Dental Health: Would you kiss a donkey if you had a toothache?

Dental Health Month

By Dena Pepple

Would you kiss a donkey if you had a toothache? Do you go to the barber when you tooth hurts? Do you chew on chili peppers for your tooth pain? Would you have your tooth pulled in the town square by a traveling salesman?

These are just a few of the “old time” treatments for tooth pain, and actually the milder and less grotesque ones that I’ve come across. Now, why am I asking? Well, it’s because February is National Dental Month. Luckily, we’ve come a long way since those old time remedies were used. That said, we have some work to do.

Tooth Decay

Tooth decay is the number one chronic illness among children in the United States of America. It’s the second most common disease in general, coming in right behind the common cold. 10% of two-year-olds already have one or more cavities, and almost 50% of children have tooth decay by the time they go to school.   Children endure pain, miss school days and more in relation to this poor dental health.

Tooth DecayThis early occurrence of disease in our children spills over into the adult population as it’s the number one risk factor for poor oral health into adulthood. Daily, we’re learning new information that links adult tooth decay to many illnesses, such as diabetes, heart health, cancer and more. It’s estimated that 90% of system diseases have oral health connections.

According to the CDC, our nation spends about 124 billion dollars a year on dental care. So, that’s the bad news.

The Good News

The good news is this disease, tooth decay, is preventable. As parents, there are many things you can do to slow/stop potential tooth decay in your children. Start early with good dental habits.

With the very first tooth, you should start brushing your baby’s teeth with a tiny (rice grain size) bit of fluoride toothpaste on a soft bristle brush at least twice a day. Did you know some of the earlier tooth brushes were made from hog, horse and badger hair?  Flossing can also be an important part of this early routine. The website Healthychildren.org has some great information on the specifics of this and how to progress as your baby grows.

Healthy eating is a big part of dental health.

Decrease the sugar in your kiddos diet. This of course includes cookies/candy/pop, but also, even the sticky nutritious fruit like raisins or prunes. Did you know the cotton candy machine was invented by a dentist? Talk about sticky food! If they do have these sweets, have them brush afterwards. We often suggest honey for cough treatment in our kids over one year old, and brushing is necessary after this as well. A baby bottle should only have milk/formula (or rarely per doctor water or juice) but NEVER pop, Kool-Aid, or other sweetened drinks, and NEVER before going to bed.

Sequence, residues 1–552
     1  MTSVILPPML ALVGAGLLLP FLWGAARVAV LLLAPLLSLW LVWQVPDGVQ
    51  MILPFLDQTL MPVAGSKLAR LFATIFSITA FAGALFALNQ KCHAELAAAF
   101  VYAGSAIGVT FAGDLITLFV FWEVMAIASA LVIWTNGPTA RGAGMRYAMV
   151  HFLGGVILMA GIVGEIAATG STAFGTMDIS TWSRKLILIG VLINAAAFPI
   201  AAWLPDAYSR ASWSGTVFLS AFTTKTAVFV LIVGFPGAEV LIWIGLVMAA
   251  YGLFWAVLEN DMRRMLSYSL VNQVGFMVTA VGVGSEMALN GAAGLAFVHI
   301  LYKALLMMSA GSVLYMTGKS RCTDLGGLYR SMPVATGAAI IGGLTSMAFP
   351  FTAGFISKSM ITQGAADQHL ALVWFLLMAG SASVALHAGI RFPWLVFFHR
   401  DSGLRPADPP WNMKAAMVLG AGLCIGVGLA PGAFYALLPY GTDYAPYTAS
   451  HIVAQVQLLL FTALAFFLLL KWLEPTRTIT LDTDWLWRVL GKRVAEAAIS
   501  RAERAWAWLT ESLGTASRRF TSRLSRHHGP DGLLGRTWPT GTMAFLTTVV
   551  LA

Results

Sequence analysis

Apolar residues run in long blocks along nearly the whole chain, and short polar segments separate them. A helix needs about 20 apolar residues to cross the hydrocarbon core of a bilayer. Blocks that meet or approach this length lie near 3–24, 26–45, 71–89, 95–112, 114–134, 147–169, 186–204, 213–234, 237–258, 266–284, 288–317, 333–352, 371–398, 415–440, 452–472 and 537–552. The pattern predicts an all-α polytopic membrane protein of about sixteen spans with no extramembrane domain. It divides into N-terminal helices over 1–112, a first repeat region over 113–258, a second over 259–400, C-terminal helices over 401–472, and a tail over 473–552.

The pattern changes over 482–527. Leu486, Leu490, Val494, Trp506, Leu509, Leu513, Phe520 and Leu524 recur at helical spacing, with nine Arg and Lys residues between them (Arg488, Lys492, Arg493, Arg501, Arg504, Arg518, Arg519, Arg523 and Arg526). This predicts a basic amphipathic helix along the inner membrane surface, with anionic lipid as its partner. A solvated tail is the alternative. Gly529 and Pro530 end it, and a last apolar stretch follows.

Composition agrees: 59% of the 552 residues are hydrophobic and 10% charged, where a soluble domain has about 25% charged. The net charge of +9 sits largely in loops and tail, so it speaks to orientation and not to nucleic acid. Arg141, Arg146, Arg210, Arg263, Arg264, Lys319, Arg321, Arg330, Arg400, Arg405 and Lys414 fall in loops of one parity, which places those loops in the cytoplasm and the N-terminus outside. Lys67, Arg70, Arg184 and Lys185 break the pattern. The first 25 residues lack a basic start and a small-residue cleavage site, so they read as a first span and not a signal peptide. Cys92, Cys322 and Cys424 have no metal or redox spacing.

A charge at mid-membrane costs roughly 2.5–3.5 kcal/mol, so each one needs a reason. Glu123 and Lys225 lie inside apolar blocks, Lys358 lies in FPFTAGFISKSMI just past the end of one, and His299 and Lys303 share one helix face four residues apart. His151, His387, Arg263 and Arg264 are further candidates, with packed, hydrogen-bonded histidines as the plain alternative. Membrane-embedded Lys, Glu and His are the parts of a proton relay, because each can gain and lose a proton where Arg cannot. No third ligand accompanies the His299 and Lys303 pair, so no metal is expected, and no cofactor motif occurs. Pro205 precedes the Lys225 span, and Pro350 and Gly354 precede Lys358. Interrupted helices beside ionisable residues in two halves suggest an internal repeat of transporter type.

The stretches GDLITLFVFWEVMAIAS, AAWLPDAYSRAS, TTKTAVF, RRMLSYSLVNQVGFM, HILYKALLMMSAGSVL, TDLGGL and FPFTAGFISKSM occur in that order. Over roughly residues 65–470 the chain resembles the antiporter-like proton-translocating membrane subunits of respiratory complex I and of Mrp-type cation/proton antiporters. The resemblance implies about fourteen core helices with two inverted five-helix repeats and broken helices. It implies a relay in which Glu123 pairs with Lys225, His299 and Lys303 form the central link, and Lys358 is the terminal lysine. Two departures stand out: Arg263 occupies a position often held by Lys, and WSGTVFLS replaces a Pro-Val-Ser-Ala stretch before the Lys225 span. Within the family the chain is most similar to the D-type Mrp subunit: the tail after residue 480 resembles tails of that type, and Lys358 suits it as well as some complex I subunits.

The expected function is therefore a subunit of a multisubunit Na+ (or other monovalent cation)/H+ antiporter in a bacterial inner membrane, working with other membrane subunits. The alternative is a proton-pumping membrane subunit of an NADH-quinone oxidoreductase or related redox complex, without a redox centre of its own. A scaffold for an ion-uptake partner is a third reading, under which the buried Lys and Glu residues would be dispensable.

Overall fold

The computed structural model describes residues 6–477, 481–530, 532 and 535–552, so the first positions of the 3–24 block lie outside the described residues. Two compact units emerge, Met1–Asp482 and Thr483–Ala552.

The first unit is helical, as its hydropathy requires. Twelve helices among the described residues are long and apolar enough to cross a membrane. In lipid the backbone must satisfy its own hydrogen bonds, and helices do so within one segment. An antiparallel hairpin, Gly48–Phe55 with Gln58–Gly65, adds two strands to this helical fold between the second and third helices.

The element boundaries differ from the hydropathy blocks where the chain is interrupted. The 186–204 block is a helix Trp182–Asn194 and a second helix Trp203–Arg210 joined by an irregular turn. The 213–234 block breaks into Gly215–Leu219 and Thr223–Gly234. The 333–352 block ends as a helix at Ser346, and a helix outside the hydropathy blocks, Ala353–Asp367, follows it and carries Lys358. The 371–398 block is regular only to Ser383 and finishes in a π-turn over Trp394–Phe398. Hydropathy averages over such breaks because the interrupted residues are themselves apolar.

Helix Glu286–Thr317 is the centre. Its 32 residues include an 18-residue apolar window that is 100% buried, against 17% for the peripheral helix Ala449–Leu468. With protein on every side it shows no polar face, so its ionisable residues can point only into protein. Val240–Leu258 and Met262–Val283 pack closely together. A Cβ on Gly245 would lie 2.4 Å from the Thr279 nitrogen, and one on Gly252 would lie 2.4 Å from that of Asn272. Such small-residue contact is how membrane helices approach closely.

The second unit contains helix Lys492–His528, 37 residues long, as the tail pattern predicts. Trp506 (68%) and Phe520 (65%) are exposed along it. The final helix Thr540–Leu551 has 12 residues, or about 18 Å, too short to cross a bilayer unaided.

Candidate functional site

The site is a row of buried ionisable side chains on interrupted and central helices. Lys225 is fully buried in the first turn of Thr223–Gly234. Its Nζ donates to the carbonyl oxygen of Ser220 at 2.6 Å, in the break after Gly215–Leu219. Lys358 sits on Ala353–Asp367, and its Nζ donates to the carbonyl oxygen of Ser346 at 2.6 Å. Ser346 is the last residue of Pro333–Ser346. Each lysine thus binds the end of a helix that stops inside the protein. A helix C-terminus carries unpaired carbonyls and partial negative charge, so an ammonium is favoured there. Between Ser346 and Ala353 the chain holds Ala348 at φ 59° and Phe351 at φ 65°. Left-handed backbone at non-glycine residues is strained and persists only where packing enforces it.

Fluoride is a huge part of tooth health.

Fluoride is added to the water supply of many cities in the United States. Check with your city, and if it doesn’t add fluoride, talk with your doctor/dentist for other sources.  I repeat: this is HUGE!

It’s very important that your child have a “Dental Home.” 

Healthy Habits for Dental CareJust as we are your medical home, (for general health, growth and development, illnesses, etc.) your child needs a dental home where it’s recommended that your baby see a dentist within 6 months of her first tooth, or around 1 year of age. The American Academy of Pediatrics recommends this early start so the dentist can then follow the baby and help guide further specifics of dental health.

We are here to help as well. Checking oral health is part of our well child care procedure.  We share our office monthly with Hope Dental, who serves our under-insured patients with accessible dental care. We follow the American Academy of Pediatrics guidelines for dental care, and keep up-to date information on local pediatric dentists. And we have display information at all of our offices about dental health this month!

I’ve seen first-hand that this process works.

I have two grandsons (age 2 and 4) who started very early with a dental care routine. They know where their toothbrushes are at my house and remind me when it’s time to use them. (Of course it could be the “Spiderman” electric toothbrush that reminds them!) They know what floss is for, and already see a dentist regularly.  And they’ve already beaten the stats… no cavities!

Working together, parents, kiddos, and dentists can definitely impact future health by helping us take care of our teeth. Let’s do it!

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